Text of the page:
Ferdinand ‘Bongbong’ Marcos Jr. inaugurated as Philippine president

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MANILA — Philippine President Ferdinand Marcos Jr., son of the late dictator Ferdinand Emmanuel Marcos, was sworn in to office Thursday, sealing a family comeback that was decades in the making.

Marcos Jr., 64, won a landslide victory during the May elections. More than 30 million votes were cast for him, making Marcos the first presidential candidate to obtain a majority since the revolution that ousted his father 36 years ago. His election suggests a continued preference for populist leaders among Filipinos — who were governed for the past six years by the tough-talking Rodrigo Duterte, best known internationally for a war on drugs that has left thousands dead.

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Marcos Jr., known as “Bongbong,” takes office with the Philippine economy starting to recover from the pandemic. It is one of the fastest-growing nations in Southeast Asia, and many covid restrictions have been lifted. But inflation remains a threat, and poor infrastructure is an obstacle for growth. The president also has to balance relations between an assertive China, the regional giant, and the United States, a treaty ally.

Washington was represented at the ceremony, held at the capital’s National Museum, by a delegation led by second gentleman Doug Emhoff.

Hundreds of supporters spread out across the grass in the golf course in front of the museum. Sheryl Patalinhog Velez, 25, donned a red gown given to her by her mother, which she customized with green accents to match the Marcos campaign colors. She said it took her a month to make the dress, using recycled material like bottle caps arranged to look like “a sun for Sir BBM,” she said, using Marcos’s nickname. She also wore a makeshift ring, which she said symbolizes a “cute” Imelda, his mother.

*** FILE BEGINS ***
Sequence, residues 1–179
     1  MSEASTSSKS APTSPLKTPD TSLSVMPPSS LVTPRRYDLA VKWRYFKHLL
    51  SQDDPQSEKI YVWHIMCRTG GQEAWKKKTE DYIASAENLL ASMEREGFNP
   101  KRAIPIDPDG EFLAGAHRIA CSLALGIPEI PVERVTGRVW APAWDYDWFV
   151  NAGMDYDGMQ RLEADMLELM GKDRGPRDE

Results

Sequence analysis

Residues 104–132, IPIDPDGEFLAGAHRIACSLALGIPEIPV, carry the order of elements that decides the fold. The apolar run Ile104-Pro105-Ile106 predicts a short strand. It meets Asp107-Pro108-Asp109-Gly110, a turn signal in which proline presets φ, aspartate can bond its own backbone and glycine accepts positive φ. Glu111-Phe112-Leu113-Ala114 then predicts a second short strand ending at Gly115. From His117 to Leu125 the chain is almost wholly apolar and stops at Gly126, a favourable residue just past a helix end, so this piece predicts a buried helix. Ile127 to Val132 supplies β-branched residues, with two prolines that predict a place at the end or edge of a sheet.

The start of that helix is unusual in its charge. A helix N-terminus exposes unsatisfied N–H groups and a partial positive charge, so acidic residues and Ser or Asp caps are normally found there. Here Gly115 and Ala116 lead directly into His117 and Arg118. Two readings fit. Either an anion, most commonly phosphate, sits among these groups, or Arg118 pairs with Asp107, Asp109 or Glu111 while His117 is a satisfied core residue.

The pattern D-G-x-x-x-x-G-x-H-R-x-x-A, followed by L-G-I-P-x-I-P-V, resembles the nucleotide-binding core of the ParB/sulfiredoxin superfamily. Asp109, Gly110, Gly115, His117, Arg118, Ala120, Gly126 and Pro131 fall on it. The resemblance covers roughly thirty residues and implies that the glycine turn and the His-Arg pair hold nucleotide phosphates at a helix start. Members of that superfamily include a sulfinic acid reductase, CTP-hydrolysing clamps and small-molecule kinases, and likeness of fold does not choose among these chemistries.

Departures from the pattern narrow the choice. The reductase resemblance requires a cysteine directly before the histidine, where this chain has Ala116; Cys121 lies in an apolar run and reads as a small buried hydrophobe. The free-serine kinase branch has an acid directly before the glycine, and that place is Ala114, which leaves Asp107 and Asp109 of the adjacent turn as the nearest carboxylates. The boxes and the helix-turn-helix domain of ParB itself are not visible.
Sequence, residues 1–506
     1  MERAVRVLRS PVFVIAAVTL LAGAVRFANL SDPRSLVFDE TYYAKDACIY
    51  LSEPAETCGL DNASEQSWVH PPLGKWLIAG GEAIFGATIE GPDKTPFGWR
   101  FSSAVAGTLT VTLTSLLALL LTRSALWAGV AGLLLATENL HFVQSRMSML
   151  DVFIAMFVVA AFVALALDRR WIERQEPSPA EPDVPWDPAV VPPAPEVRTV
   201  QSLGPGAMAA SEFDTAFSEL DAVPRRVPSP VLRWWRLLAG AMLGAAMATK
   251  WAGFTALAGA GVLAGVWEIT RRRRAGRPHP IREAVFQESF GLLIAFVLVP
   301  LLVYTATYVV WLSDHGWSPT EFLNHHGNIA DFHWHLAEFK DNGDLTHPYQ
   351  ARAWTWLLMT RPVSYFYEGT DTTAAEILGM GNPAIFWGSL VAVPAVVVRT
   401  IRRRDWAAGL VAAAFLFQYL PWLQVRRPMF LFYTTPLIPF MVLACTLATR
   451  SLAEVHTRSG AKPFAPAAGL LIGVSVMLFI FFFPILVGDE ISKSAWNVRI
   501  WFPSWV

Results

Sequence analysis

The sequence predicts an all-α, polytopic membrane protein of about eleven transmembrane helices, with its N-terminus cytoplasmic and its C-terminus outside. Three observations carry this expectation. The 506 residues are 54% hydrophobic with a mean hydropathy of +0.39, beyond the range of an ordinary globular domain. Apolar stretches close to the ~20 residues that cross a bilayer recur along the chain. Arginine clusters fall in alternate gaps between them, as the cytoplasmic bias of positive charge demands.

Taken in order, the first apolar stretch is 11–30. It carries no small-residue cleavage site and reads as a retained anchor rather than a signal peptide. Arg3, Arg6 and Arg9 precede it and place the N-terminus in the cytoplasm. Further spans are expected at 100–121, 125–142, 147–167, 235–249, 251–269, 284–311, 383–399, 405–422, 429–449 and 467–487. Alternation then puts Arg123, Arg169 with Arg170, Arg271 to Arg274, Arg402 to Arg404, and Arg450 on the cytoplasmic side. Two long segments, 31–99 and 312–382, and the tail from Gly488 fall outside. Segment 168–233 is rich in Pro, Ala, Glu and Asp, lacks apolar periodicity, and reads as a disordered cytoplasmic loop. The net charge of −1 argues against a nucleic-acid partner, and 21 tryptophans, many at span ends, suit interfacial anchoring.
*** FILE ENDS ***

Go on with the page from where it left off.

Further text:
She added that she got dolled up in the hopes of being noticed “so they can adopt me or give me work.”

Fears of clashes between supporters and detractors or heavy-handed police actions did not materialize and the protests both for and against Marcos on Thursday took place without violence.

Survivors of the elder Marcos’s autocratic regime — which include an estimated 70,000 who were detained and tens of thousands who were tortured — held a separate ceremony just outside the capital, in Quezon City, during which they pledged to “guard against tyranny.”

“The survivors are a vanishing breed, if not an endangered species, and the time to correct falsehoods and lay bare the truth is now,” said Tina Bawagan, a spokeswoman for the survivors. “Most of us remaining are in the last quarter of our lives. We are appalled at how the Marcoses have attempted to deny that dark and gruesome period of history.”

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At another anti-Marcos demonstration, this time at Plaza Miranda, close to the inauguration site, 200 people gathered to protest. They were temporarily quieted by a flyby of three military jets from the nearby ceremony and then booed.

“There’s no difference between Marcos and Duterte,” the crowd chanted. “They’re both lap dogs,…

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